5 weeks post op a small puss dot about the size of the end of your baby finger appeared. Within one week, it was an inch squared. 7 weeks post op and it has now spread to 3 inches by 2 in the form of a triangle under the breast and half way up to the nipple. The area is bleeding and oozing yellow puss constantly. Surgeon says it's fine and to apply polysporin to it, but with the bleeding and puss, it has not improved.What should I do? My surgeon is not too concerned, should I be?
5 Weeks Post-Op Breast Surgery Have Infection with Bleeding and Puss. Surgeon not Concerned, Should I Be?
Doctor Answers (4)
Infection folowing BA
It sounds like you had lifting of your breasts in addition to augmentation. The junction of the horizontal and vertical incisions is a common place for an opening to develop and often there can be clear yellow drainage for a few days. What may look like pus could well be what I describe as a "wet scab". As an open wounds close a pink cobbled surface develops called granulation tissue. It bleeds easily, but stops quickly. This is a good sign and heralds natural closure of the wound with time. It is difficult to close a fresh surgical wound and often allowing the wound to heal and revising the scar later gives a better end result. The enlarging nature of your wound and the persistent drainage are a concern. Is the breast swollen, red and/or tender? Do you have a fever? Is the fluid coming from the breast pocket or oozing from the raw surface of the wound? I would get a culture of the fluid and consider antibiotics. If an infection develops around the implant it will have to be removed for awhile and replaced with a new one after the infection ois treated and the wound closed. Talk to your surgeon again and be assertive in voicing your concerns. You need more re-assurance.
Bleeding and pus after breast surgery--what does this mean?
You did not state what kind of breast surgery you had, or whether implants are involved or not. If you had breast augmentation via a periareolar or inframammary incision, it sounds as if your wound breakdown is large enough to be of concern, but that yellow drainage may not be pus. Without seeing the character and type of exact drainage, you should know that only healthy tissues bleed, and dead or infected tissues do not. Serous drainage (yellow serum identical to blister fluid) can fool many a non-medical person (and even a few non-surgeon physicians) into thinking a wound that drains yellow serum is infected and draining "pus." Even dead fat cells appear yellow when they liquefy and drain, but too much of this is not a good thing either.
It sounds as if you had a breast lift or reduction (or possibly lift plus implants), and wound breakdown (usually from inadequate circulation, or from nicotine vasoconstriction) has occurred. Topical wound care to keep the open area clean and moist is appropriate, and prophylactic (preventive, or "just-in-case") antibiotics are often reasonable but not always necessary if the wound is clean and not infected. Your surgeon has the expertise, not to mention the ability to examine your wound, to tell you what is going on, and you should follow his advice and continue to follow-up. If things change, especially for the worse, and particularly if you have implants (if they become infected they will have to be removed), you should contact your surgeon immediately.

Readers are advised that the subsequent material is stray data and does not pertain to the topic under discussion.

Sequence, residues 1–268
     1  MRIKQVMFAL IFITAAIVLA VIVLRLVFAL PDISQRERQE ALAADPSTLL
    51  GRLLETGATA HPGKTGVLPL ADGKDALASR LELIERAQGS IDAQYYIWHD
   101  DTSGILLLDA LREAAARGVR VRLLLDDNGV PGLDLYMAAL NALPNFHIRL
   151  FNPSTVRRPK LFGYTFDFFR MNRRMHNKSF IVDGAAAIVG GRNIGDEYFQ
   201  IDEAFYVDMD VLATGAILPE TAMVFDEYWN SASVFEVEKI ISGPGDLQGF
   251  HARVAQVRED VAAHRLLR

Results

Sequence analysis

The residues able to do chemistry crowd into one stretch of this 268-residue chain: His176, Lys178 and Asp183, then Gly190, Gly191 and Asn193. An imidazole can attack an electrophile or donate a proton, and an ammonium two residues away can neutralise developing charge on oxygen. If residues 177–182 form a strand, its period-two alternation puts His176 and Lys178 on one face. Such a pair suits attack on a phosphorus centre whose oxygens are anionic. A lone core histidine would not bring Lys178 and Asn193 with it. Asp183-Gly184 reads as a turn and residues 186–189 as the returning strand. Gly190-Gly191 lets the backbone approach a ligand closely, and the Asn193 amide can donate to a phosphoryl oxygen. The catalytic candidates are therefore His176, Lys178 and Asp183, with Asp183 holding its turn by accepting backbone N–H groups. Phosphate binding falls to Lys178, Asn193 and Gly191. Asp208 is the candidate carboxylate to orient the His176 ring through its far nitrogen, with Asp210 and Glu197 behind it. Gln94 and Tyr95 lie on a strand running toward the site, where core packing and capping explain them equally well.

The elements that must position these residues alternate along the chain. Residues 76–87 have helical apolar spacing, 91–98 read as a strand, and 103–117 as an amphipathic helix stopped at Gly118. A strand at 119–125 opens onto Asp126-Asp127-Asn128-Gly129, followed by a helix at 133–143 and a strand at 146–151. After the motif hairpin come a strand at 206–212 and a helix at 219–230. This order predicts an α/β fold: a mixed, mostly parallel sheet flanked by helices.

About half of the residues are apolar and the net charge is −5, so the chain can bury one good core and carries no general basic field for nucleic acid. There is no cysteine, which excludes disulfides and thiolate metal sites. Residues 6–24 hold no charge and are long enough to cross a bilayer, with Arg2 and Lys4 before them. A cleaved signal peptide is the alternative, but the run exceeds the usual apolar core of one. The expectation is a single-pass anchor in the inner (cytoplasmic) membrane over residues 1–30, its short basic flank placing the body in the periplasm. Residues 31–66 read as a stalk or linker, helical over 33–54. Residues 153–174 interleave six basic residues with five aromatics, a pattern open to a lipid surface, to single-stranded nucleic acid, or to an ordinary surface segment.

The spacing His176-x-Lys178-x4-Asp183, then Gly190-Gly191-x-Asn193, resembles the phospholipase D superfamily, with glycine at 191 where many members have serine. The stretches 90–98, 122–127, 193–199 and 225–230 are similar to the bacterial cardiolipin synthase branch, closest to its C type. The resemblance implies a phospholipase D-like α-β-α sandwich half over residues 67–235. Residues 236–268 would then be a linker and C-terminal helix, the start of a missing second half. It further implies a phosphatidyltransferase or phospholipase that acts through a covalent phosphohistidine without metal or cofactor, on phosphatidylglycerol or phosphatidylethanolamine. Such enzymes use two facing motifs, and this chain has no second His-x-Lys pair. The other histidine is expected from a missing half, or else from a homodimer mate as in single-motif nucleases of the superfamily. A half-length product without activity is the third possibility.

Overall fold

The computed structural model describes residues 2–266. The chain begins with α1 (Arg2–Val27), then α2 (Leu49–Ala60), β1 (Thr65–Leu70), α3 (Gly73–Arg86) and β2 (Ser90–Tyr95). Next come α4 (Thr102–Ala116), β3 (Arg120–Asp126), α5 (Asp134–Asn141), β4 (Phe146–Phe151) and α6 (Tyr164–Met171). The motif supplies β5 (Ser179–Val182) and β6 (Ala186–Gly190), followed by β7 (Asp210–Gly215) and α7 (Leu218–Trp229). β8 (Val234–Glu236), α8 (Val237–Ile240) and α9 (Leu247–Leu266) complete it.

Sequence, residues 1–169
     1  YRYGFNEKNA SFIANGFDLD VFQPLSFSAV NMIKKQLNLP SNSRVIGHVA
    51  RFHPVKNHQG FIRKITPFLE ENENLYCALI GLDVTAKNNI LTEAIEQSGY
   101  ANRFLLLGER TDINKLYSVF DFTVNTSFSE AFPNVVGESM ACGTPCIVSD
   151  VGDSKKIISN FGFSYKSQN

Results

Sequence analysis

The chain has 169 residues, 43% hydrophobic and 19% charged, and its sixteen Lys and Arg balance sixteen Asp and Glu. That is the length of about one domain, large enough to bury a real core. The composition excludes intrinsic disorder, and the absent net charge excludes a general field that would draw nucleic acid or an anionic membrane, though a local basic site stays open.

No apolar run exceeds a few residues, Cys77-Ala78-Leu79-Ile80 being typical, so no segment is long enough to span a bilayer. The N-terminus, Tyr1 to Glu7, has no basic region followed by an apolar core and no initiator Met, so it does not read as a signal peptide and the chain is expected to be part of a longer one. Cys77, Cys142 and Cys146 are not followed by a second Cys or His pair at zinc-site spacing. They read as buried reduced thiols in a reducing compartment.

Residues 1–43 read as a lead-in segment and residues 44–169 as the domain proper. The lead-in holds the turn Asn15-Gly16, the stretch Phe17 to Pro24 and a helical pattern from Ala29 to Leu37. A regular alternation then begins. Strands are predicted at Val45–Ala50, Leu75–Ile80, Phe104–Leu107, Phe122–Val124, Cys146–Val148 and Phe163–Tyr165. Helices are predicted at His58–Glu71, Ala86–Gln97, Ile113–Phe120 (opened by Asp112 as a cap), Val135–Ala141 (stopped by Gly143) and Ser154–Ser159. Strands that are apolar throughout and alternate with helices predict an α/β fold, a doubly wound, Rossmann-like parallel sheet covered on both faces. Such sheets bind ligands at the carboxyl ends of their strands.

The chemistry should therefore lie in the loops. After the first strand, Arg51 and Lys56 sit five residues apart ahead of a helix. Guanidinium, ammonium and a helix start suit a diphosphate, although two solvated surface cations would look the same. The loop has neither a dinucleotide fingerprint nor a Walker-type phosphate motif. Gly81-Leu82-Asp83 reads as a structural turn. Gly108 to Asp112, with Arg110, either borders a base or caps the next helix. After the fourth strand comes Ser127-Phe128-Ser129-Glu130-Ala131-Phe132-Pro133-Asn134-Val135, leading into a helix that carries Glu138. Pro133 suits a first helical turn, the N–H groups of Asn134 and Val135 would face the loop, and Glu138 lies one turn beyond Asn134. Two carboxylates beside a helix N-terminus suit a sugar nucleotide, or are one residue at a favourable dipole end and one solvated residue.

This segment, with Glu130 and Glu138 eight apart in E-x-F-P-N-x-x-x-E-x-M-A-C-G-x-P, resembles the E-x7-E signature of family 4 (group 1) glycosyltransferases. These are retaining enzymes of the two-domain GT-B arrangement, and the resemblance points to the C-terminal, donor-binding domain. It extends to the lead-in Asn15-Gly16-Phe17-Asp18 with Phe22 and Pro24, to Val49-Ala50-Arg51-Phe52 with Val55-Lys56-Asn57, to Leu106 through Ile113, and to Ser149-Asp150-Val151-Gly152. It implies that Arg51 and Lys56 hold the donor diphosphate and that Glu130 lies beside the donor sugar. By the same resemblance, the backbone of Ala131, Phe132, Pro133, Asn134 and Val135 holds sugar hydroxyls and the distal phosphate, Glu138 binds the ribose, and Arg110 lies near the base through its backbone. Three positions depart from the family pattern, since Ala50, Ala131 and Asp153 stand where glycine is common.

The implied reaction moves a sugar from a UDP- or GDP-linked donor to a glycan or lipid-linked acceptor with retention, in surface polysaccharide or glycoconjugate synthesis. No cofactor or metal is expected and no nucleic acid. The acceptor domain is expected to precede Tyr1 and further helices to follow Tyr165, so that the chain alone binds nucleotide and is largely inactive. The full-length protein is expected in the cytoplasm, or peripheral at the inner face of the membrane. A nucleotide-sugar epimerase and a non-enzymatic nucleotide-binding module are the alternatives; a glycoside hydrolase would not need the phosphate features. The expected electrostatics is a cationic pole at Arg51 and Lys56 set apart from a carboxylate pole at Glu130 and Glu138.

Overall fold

Don't assume your doctor's calm and non-excited demeanor about this means he is "not concerned;" rather he is trying to keep you from overreacting or doing something harmful to your surgical site. Talk to your surgeon!
Bleeding folllowing augmentation
If you have just had an augmentation, this is not normal, but if you have had an uplift as well, it may be alright. It is difficult to give an opinion without seeing you as the oozing yellow pus, may just be some slough or dead tissue that can heal without a problem. If there is frank, thick, yellow pus oozing from your wound and you have implants in, I would be concerned.
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Post op complications
Did you have a breast lift as well as implants? It is so difficult to give any type of advice without knowing your history and examining you in person. The best thing I can say is to keep in close communication with your surgeon and allow him/her to get you through this.
These answers are for educational purposes and should not be relied upon as a substitute for medical advice you may receive from your physician. If you have a medical emergency, please call 911. These answers do not constitute or initiate a patient/doctor relationship.